The first-quarter 2019 edition of the Oklahoma Economist showed that net domestic migration to Oklahoma has been negative in each of the past three years (2016-18), resulting in the state’s slowest population growth since 1990. It also noted that residents with bachelor’s degrees or higher have accounted for virtually all the recent net outflow. This edition examines the recent “brain drain” from Oklahoma and compares it with past net outflows of college graduates from the state and recent experiences of nearby states. While the data show some concerning trends for Oklahoma, there also may be some silver linings.
How many, how educated, how old?
College graduates have been moving out of Oklahoma, on net, in every year since 2013 (Chart 1). The average net outflow during that period (through 2017, the last year for which detailed data are available) has been over 5,300 college graduates per year._ While 5,300 people represent less than 0.2 percent of the state’s population, they account for over half a percent of the population with college degrees. They also are more than the annual number of bachelor’s degrees granted at either the University of Oklahoma or Oklahoma State University.
The recent net outflow followed a period from 2008 to 2012 when Oklahoma had positive or flat net domestic migration of college graduates in each year. The largest net inflow occurred in 2010, when over 3,000 more college graduates moved into Oklahoma than moved out.
Prior to 2008, Oklahoma also had a net outmigration of college graduates from 2003 to 2007, as well as in 2000, the earliest year for which annual state data on domestic migration by educational attainment are available. However, four of the past five years—2013, 2015, 2016 and 2017—have been the largest net outflow years for college graduates from Oklahoma since at least 1999.
The net outmigration of college graduates in recent years has been fairly consistent across levels of degree attained. In most recent years, both residents with bachelor’s degrees and those with degrees higher than bachelor’s degrees have had net outmigration. This is somewhat different from the outmigration of 2003 to 2007, when more of the outmigration was of Oklahomans with higher degrees than a bachelor’s degree.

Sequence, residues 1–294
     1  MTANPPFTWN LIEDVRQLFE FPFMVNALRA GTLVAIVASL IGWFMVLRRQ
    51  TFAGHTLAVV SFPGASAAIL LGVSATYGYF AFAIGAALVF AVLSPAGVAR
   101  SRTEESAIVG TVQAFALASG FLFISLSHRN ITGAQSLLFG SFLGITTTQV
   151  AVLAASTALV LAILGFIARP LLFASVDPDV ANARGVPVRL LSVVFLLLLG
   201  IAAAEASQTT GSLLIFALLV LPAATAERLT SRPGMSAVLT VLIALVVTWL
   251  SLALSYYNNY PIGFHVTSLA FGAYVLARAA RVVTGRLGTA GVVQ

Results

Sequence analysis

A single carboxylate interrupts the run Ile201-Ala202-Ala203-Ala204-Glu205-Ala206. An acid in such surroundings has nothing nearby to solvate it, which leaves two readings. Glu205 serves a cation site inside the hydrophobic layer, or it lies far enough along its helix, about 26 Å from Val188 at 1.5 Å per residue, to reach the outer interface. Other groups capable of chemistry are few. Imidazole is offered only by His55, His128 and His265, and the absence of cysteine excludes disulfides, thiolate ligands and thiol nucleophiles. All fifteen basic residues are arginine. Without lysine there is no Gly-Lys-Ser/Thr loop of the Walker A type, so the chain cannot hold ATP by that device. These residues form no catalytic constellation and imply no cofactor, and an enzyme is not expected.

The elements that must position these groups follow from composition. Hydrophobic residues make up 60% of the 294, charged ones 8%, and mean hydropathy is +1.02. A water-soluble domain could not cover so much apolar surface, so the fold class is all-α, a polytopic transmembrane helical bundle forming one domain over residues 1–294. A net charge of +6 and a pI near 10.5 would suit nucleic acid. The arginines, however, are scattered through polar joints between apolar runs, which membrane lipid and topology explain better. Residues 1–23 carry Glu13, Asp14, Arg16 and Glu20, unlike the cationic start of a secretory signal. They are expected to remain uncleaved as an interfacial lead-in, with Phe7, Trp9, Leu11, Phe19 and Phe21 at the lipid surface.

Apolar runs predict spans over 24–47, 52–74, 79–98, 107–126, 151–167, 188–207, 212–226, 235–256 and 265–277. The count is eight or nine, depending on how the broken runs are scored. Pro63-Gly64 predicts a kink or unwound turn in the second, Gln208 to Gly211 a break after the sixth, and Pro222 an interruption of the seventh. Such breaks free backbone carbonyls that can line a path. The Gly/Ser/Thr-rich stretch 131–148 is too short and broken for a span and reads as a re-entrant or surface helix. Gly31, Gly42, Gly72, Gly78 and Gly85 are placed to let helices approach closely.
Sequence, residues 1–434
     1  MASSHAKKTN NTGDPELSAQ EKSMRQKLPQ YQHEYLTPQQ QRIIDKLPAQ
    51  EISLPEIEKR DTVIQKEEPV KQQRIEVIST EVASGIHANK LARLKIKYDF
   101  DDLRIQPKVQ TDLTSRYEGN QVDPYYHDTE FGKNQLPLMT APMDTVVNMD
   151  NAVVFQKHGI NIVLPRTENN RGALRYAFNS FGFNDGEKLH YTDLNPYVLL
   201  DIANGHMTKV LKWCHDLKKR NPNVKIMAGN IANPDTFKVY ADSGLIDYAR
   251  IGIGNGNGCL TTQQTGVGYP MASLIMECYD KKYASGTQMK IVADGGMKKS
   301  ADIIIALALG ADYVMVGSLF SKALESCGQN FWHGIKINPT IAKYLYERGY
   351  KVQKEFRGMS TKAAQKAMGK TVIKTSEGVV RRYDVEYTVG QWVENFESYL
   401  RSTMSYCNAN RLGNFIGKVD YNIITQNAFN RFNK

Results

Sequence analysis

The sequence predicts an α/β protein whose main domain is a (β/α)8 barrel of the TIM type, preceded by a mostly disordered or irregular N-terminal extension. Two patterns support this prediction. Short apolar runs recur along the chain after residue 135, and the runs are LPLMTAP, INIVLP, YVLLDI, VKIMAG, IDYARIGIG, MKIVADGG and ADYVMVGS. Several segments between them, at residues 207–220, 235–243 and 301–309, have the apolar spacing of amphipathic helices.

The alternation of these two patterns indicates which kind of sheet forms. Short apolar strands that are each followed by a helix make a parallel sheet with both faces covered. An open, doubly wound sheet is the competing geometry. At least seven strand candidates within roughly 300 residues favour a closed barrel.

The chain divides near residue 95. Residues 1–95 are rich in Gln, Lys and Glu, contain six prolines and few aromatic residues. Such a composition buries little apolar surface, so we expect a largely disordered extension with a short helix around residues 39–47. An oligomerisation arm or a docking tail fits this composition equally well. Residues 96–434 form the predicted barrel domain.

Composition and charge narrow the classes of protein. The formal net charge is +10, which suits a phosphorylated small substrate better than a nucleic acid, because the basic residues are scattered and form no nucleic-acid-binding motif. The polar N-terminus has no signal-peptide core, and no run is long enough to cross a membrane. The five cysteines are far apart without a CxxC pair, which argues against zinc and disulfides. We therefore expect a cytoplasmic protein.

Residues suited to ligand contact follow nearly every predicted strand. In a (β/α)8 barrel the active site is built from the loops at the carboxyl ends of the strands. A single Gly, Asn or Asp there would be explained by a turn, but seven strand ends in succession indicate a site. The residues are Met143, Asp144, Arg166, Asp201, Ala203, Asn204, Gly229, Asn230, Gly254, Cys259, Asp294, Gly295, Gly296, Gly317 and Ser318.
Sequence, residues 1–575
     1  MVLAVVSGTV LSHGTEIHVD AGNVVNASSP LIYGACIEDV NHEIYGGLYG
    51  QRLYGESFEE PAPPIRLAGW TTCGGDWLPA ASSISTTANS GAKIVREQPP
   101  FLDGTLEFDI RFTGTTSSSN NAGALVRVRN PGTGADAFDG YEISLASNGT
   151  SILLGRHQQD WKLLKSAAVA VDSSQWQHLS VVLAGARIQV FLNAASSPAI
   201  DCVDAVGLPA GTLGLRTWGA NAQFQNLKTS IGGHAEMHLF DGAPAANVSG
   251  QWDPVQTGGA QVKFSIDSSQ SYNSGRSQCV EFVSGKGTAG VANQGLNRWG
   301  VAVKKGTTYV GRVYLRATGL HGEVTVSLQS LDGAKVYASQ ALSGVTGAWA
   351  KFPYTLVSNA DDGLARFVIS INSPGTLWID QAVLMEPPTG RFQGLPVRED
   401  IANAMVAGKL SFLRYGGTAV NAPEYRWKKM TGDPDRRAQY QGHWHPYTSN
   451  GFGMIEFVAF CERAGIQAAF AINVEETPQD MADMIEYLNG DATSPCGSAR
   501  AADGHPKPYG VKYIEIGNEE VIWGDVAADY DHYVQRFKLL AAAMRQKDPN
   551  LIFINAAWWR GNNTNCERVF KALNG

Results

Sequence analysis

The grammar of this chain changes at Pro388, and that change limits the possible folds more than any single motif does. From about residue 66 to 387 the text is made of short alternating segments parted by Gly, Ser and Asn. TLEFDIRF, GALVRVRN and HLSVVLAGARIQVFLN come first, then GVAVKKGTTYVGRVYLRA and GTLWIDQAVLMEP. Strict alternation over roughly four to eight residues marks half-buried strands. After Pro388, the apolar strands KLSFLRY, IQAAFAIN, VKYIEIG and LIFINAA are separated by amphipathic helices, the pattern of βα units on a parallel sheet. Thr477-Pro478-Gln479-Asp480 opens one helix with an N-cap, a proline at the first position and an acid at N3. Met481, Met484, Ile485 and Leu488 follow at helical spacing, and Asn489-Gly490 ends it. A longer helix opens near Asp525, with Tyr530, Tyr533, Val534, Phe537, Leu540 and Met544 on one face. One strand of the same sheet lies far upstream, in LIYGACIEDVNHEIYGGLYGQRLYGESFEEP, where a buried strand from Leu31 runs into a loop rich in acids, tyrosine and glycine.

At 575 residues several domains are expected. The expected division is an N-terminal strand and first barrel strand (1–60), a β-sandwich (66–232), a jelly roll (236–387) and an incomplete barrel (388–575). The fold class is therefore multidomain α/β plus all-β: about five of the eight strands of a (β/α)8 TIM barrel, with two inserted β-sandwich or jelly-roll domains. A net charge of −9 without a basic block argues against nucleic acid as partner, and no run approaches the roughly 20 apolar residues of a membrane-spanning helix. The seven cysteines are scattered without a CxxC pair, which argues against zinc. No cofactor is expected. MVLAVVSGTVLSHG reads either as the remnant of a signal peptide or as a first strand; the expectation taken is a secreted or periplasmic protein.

Looking at age cohorts, most of the net outmigration in recent years, at least through 2016, was among college graduates of “prime working age”—those 25-34 and 35-54 (Chart 2). However, that trend changed in 2017, as slightly more of those ages 25-34 with bachelor’s degrees or higher moved into Oklahoma than moved out, for the first time since 2012. At the same time, Oklahomans older than 54 with college degrees moved out in 2017 at their highest rate since 2001, while recent college graduates—those under 25—continued to have increasing net outmigration.
From where, and to where?
In terms of which areas of the state have been losing the most college graduates, annual educational attainment data on migration in Oklahoma are reported consistently only for the Oklahoma City metropolitan statistical area or counties therein._ These data are also only available back to 2005. The trends for the state’s largest metro are similar to those for the state as a whole, with more college graduates recently moving out than moving in (Chart 3).
Several factors help the Oklahoma City area relative to the rest of the state, though. One is that the net flow of college graduates into the metro from other parts of Oklahoma has remained positive in most years, with 2014 the only recent exception. In addition, residents with less than a bachelor’s degree have continued to move into the metro area from other places. Total domestic migration to the greater Oklahoma City area also improved in 2018 after falling nearly to zero in 2017.
The states attracting the largest number of Oklahoma college graduates in recent years are spread across the country, but the largest destination by far has been Texas (Chart 4). This is similar to the state’s previous “brain drain” from 2003 to 2007, when more Oklahomans with bachelor’s degrees or higher moved to Texas, on net, than to the next three destinations combined. The only other state among the top five destinations in both time periods is Washington. In recent years, many Oklahoma college graduates also have moved to Colorado, Arkansas and California, whereas from 2003 to 2007, the most popular destinations in addition to Texas and Washington were Illinois, Kansas and North Carolina.